For the first day I was placed in Capitol Square in front of the Virginia State Capitol, a gorgeous location. It was no longer 2015, but April 2, 1865, and Confederate President Jefferson Davis had just received a note from General Robert E. Lee while sitting in his pew at St. Paul's Episcopal Church that the Army of Northern Virginia could no longer hold onto Petersburg, VA and that the army was now in retreat leaving Richmond vulnerable. Realizing that the Confederacy could no longer hold onto the Confederate capital, Davis and the Confederate government evacuated the city. I was accompanied with Rebecca Turner who played an Irish factory worker and Marc Ramsey who played an Confederate officer. Capitol Square is a gorgeous location with lovely gardens, a beautiful water fountain, and the historic Virginia Washington Monument. I would address visitors passing by, informing them that I was very excited that the Confederate government was evacuating, how I hated the Confederacy and slavery, and how I helped operate a spy ring in Richmond. The response from the public was amazing, many were excited to engage in a first person conversation and would talk with me for several minutes. I expected a few people to be pro-Confederate and against "my" position and activities. Surprisingly, practically everyone I encountered at this site voiced their approval and admiration. Comments about how "brave I was" and a few "God bless you" where the typically response. I was even interviewed by the Richmond Times-Dispatch, though for the interview I did break out of character for the moment.
Read the Richmond Times-Dispatch here
To see more images taken by the Richmond Times-Dispatch visit
In the evening I participated in illumination tour conducted by the National Park Service. On the evening of April 2, 1865, evacuating Confederate military officials set fire to munitions, tobacco, and anything else that could supply the Union Army. Unfortunately, strong winds coming from the James River quickly spread the fire into the commercial district burning nearly 800 buildings and 20 blocks. With the Confederate government fleeing the city, social order quickly broke and looting occurred. To commemorate these dramatic events the National Park Service held a special tour with re enactors stationed at important locations connected to the fire and looting. I was placed in Capitol Square with with Ann Andrus (a poor refugee), Cheryl Dale-Hodges (nurse), Laurel Scott, Debbie Phillips, and Adrienne Robertson (elite women). The night was beautiful with a stunning, gibbous moon. As it got darker, projectors illuminated the State Court of Appeals building with flames. Being a Unionist, I did not find any sympathy with the assembled ladies and I have to admit I got more fire and brimstone as the night went along. I loudly declared that while I hated the war, I hated slavery more and that I regarding the burning of Richmond as God's purification of the sins of slavery. From the crowd I occasionally received a hiss or a loud cheer. We had a special guest during the night as Virginia Governor Terry McAuliffe and his family took the tour.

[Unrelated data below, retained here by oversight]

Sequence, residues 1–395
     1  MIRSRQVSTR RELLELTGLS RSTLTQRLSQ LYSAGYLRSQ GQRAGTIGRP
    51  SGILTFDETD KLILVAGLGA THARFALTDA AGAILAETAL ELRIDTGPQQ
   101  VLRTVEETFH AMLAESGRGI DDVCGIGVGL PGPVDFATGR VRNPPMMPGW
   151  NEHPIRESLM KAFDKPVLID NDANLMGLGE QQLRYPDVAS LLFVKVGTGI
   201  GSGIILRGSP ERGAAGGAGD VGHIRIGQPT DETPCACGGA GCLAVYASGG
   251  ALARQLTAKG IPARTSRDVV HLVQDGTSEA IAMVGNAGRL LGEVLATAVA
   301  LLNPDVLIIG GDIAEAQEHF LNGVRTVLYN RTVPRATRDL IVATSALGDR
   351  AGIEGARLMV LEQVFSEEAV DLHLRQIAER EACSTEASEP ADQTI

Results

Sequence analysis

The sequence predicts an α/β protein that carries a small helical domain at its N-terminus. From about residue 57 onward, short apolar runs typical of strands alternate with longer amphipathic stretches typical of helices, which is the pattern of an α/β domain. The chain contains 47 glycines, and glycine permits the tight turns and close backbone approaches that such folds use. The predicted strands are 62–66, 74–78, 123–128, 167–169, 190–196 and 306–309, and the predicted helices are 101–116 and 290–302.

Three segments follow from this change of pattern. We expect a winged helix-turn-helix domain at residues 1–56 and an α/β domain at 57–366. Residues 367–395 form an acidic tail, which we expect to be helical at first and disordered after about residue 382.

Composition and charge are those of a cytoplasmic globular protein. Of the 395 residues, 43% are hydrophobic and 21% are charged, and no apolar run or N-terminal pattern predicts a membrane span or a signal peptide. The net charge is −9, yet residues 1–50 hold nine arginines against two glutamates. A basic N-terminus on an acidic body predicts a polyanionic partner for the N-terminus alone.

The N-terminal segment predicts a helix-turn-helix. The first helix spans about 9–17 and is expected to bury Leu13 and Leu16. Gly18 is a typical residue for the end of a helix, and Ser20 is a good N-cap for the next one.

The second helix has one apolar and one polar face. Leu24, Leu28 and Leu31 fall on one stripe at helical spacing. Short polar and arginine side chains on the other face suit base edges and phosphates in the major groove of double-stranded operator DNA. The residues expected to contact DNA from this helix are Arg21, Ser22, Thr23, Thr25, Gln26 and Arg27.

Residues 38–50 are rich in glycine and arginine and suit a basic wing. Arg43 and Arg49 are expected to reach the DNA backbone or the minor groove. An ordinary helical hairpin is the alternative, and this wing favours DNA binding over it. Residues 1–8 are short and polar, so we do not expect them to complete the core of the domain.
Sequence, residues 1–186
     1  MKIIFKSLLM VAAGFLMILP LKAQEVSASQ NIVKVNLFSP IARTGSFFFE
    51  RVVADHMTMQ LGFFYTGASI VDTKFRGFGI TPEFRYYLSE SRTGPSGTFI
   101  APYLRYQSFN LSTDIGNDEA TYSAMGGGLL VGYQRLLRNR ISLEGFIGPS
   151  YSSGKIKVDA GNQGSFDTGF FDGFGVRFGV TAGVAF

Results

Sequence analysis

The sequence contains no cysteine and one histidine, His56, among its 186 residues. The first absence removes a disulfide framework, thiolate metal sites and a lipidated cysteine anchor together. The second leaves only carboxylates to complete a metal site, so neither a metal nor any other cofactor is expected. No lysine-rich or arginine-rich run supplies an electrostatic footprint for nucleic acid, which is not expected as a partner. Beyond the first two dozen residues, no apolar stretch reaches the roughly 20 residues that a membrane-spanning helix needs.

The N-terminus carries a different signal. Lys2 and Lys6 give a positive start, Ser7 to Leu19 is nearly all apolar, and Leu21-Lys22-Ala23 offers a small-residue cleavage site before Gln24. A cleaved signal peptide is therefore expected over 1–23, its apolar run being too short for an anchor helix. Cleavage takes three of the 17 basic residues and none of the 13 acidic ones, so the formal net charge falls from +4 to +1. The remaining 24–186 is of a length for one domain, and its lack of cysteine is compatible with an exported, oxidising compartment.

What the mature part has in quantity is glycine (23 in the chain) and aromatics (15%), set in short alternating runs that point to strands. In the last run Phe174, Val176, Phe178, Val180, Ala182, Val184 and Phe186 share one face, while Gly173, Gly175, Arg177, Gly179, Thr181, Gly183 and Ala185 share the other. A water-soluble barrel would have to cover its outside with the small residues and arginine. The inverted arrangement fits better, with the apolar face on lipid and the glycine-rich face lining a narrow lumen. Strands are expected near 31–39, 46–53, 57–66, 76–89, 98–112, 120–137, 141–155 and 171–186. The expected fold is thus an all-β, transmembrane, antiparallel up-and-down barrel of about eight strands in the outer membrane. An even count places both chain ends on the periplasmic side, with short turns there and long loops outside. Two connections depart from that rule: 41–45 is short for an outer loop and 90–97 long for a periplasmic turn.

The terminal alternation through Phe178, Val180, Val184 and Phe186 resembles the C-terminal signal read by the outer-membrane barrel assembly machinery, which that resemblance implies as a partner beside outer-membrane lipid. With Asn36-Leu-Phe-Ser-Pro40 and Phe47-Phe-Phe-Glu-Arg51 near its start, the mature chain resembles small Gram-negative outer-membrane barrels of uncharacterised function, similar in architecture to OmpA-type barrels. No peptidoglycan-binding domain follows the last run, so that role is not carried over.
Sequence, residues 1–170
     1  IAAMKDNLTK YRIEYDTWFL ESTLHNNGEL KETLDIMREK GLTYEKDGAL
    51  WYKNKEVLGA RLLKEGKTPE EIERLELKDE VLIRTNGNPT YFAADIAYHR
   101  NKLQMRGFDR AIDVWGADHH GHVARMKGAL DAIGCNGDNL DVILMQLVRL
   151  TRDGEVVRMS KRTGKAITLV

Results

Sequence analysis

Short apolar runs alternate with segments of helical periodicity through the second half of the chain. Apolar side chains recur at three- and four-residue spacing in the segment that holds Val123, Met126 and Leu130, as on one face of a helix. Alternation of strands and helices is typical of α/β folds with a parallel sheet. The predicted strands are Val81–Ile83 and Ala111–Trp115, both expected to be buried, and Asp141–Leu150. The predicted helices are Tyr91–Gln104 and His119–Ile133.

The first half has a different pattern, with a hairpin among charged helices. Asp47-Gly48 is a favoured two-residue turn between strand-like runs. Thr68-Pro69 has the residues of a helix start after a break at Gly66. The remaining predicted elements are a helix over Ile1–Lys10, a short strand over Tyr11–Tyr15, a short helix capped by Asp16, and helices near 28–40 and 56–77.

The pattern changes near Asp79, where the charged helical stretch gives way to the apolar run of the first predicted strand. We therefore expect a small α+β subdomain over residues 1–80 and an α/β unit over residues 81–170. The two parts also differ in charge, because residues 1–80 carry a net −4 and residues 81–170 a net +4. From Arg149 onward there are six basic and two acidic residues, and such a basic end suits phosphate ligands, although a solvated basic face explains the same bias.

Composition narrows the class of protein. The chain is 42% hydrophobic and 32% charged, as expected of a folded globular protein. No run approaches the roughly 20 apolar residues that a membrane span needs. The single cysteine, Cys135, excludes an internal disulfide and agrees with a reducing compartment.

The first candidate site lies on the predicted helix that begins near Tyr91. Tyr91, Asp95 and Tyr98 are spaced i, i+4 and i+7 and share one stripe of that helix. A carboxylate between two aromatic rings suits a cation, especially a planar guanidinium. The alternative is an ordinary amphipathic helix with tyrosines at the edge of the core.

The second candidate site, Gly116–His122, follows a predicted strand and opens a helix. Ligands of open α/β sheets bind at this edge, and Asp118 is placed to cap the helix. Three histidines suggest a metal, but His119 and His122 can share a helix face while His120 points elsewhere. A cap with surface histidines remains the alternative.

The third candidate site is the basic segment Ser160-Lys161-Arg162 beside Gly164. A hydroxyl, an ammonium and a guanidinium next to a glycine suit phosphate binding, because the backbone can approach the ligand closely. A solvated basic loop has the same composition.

The ladies of the illumination tour. (Photo courtesy of Richmond National Battlefield Park)
The next day commemorated the arrival of Union forces in Richmond on April 3, 1865. Symbolically one of the first units to enter the former Confederate capitol were members of the United States Colored Troops. Upon the Union's arrival in Richmond, Union authorities started to bring law and order back to city with Union troops helping to put out the fires, stopped the looting, and offering rations to starving civilians. As a Unionist, I welcomed the Union troops stationed to guard the White House of the Confederacy. The crowds where a little thin due to it being Good Friday, but one of my dreams has always been to re enact at the White House of the Confederacy. I even had a curious experience. While standing by the front steps I began to smell pipe/cigar smoke. I quickly looked around, as I was in a no smoking zone--but there was no one around smoking. It remained me of the scents I used to smell at the Whaley House. Who knows, perhaps I was smelling the phantom scents of a Confederate official or a Union officer.
post (Photo courtesy of Hillary Turner)
On Saturday, the last day of the commemoration I returned to the Capitol Square where a procession of USCT's commemorated the arrival of Union troops on April 3, 1865. Naturally, as a Unionist I was overjoyed to see Union soldiers marching down the streets of Richmond and brought flowers to give to the soldiers. Following the procession, there was a ceremony on the steps of the capitol commemorating the 150th anniversary of Emancipation in Richmond. The event concluded with an afternoon of living history, speakers, and historic displays.
Read the article here
This was a once and a lifetime event and it was such an honor to participate.
Of course, how can you turn up the chance to pose on the steps of the Virginia State Capitol? (Photo courtesy of Adrienne Robertson)